It seems like you, as a group, are really interested in tackling the issue but half the problem is figuring out where to start since it’s such a big issue.

It is. It’s huge.

We can identify the many places and the many journeys that probably need to be taken. We can’t take them all. That’s true. We can’t. So we’ve got to decide, where are we going to put our energies and our efforts? And I gave you some ideas early on in this conversation about things I feel we can do as an education department. And we can’t do everything.

Do you think these are all things that fall under the jurisdiction of the Board of Regents? Or do you think you will need help from the legislature, the governor and local school districts?

I think we need to be the bully pulpit that starts the conversation. And then, I think the conversation needs to be picked up in every single region in this state and I think it needs to become a conversation in the legislative body and a conversation that the governor has.

What specifically do you think the Board of Regents can do to be the bully pulpit?

I think that has to come from that workgroup before I try to answer that question. I think the group working with thought leaders, and civil rights organizations, and community leaders needs to answer that question.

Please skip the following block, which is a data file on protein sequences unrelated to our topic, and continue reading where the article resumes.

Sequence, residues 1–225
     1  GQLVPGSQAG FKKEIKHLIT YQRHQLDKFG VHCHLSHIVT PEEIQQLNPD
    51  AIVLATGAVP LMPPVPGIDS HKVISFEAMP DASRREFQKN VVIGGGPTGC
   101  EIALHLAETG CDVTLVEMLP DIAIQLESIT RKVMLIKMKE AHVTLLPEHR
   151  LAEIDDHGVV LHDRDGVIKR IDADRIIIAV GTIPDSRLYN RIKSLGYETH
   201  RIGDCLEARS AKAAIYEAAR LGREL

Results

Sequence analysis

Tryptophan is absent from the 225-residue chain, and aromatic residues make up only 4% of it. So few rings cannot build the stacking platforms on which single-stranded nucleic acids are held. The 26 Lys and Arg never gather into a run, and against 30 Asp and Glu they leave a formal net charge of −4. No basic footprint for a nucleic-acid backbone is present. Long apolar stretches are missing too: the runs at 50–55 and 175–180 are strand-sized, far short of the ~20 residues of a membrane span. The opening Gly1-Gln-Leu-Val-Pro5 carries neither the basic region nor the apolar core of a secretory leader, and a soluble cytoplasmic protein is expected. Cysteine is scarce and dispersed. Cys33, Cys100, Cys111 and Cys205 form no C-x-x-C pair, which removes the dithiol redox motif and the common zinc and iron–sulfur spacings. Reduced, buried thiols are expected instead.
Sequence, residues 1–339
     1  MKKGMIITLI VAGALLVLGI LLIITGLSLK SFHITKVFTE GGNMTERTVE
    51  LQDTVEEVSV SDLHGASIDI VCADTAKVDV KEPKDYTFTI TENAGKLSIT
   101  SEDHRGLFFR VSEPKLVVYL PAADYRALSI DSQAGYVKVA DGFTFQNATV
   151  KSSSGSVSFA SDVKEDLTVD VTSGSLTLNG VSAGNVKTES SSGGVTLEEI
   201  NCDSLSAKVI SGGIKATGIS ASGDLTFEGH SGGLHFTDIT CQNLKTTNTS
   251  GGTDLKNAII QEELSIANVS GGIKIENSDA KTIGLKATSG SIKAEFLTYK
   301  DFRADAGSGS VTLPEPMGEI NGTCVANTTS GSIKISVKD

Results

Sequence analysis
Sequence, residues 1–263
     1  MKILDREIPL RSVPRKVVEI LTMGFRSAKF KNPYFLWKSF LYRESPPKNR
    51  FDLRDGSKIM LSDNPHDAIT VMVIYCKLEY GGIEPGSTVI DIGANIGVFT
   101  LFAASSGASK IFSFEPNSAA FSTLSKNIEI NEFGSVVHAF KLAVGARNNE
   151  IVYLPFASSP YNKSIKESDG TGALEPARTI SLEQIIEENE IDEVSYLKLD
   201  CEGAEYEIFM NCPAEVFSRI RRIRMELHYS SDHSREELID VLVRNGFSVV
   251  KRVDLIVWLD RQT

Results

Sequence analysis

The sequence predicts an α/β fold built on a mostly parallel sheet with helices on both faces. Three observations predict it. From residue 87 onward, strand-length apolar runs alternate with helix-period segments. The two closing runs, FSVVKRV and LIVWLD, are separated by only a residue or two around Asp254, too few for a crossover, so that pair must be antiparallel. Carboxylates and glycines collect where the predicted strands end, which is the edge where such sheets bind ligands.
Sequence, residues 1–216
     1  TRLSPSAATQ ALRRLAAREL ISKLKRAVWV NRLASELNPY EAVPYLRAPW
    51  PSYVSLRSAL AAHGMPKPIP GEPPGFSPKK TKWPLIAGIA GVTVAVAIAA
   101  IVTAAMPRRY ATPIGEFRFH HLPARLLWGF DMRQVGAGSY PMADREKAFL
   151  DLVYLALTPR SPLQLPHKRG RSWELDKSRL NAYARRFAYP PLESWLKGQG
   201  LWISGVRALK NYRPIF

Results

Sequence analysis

You referenced this in the last meeting, but has this been more difficult than you thought?

It is a challenge. It’s a challenge I would readily take on because I’m a product of having been in a system that gave me access to resources and I want that for every kid. To grow up in a housing project where there were no doors on the closets — because it’s housing projects, you give people the bare minimum. I didn’t have a shower in my room. I didn’t even know what a shower was until I was about 18. I said, “What the hell is this water that comes out of the wall?” I had no idea that a shower is something that people had. You don’t even know that you’re poor until you go into another world and go, oh, this is another way of living.

I can’t help that my parents were not educated and had jobs that gave them minimum salaries. I can’t help that. But they wanted more for their child. Every parent wants more for his or her child. So it’s a huge task but is it not the role of a Board of Regents to put in place a system that ensures every child has the opportunity to succeed in life? That’s our role.